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(Reuters) - Australian swimmer James Magnussen believes his failure to win gold at the London Olympics was down to his life outside the pool and the 100 meters world champion said he has taken steps to avoid similar disappointment at the 2016 Rio Games.
In the lead-up to London, Magnussen, the 'missile' of Australian swimming, had promised to win the 100 gold medal and the 4x100 freestyle relay. However, he was pipped for gold in the 100 while the relay team finished fourth.
Amid reports of bullying and disharmony during the campaign, Australian swimmers delivered their worst Olympic performance for 20 years, failing to win an individual title and ended up with one relay gold, six silver and three bronze medals.
"I think more than anything I got wrong (was) my life outside of the pool," Magnussen said in Perth on Wednesday.
"I did everything I needed to do in the lead-up in the pool. (But the results) just showed there were some imbalances."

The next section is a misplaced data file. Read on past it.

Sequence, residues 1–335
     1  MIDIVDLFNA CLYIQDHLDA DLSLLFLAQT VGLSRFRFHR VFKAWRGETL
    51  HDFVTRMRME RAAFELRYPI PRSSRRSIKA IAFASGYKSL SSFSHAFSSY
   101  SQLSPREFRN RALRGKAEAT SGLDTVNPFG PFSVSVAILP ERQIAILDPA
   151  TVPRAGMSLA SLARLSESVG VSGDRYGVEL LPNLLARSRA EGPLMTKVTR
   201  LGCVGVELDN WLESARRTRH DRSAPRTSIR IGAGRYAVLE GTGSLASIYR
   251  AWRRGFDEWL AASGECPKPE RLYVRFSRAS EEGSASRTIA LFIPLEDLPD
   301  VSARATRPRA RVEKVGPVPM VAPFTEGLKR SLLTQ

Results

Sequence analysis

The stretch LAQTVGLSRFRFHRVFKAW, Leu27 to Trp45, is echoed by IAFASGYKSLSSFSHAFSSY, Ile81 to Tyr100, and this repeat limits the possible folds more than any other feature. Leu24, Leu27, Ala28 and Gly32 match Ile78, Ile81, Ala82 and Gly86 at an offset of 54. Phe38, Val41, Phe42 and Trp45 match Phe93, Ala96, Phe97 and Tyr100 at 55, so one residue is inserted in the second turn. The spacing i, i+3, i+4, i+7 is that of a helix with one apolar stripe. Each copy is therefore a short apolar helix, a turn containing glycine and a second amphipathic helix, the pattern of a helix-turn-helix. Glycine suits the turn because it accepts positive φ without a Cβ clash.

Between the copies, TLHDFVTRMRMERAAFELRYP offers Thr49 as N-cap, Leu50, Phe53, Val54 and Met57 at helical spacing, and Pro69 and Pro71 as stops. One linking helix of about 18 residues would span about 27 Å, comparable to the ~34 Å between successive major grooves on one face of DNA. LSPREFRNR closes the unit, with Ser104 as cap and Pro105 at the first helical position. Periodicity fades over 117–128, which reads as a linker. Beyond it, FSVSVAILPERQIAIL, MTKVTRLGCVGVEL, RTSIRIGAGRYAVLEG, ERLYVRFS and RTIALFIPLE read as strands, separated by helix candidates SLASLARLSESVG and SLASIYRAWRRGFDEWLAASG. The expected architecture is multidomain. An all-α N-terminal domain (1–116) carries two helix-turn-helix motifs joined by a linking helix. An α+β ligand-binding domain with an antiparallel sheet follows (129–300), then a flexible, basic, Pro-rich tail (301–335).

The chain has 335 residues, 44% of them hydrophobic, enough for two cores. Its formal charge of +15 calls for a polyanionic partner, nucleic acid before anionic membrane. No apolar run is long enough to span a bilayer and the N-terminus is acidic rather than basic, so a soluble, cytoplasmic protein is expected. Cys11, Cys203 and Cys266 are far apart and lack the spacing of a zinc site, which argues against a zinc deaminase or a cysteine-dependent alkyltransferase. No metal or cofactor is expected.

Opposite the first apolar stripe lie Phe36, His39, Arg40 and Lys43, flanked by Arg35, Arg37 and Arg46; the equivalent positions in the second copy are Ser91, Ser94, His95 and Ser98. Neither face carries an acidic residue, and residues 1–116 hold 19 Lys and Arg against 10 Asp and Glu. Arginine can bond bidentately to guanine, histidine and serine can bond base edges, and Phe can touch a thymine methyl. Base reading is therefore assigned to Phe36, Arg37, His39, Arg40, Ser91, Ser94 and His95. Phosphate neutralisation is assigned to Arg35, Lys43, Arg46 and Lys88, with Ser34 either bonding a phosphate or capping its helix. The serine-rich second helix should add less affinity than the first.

Magnussen, who will be back in action this week when he hits the pool for the Aquatic Super Series in Perth, said London had taught him a lesson and he hoped to be a better swimmer by the time the next Games are held in Rio in 2016.
"I've made a lot of changes in my life and I'm feeling really positive about where I am at the moment. I'm in a good spot mentally," he said.
"I've taken on a mind coach - not necessarily purely for the psychological side of swimming, but for my life in general.
"I've really worked hard on trying to be a more positive and easygoing person. I think it's paid huge dividends both in and out of the pool.
"London was a great opportunity for me to learn what I did wrong. Hopefully that will provide me with a really strong base for the next four years going into Rio."
Reporting by Sudipto Ganguly in Mumbai; Editing by Peter Rutherford